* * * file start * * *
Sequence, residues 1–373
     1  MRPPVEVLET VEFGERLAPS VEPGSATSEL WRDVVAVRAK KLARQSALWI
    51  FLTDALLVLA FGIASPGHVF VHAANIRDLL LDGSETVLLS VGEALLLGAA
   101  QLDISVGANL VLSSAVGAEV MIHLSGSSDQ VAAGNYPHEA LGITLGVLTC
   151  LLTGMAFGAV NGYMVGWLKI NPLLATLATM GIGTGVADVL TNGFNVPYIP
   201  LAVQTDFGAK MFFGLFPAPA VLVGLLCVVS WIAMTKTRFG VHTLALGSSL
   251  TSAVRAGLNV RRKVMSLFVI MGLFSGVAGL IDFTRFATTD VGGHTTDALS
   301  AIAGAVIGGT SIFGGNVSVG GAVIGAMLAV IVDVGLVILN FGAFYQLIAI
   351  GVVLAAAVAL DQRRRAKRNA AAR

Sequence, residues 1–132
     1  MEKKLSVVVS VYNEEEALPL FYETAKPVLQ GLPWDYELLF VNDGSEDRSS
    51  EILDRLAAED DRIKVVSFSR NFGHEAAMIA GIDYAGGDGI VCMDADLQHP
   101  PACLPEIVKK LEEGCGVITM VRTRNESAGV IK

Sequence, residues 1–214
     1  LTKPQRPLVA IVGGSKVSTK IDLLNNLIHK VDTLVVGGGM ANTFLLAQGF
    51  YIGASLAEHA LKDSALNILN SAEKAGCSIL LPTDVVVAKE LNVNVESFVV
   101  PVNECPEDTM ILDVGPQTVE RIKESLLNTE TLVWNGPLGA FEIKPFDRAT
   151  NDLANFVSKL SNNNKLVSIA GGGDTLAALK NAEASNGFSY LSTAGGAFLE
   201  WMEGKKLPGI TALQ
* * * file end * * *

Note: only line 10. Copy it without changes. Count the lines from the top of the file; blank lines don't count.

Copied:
Sequence, residues 1–132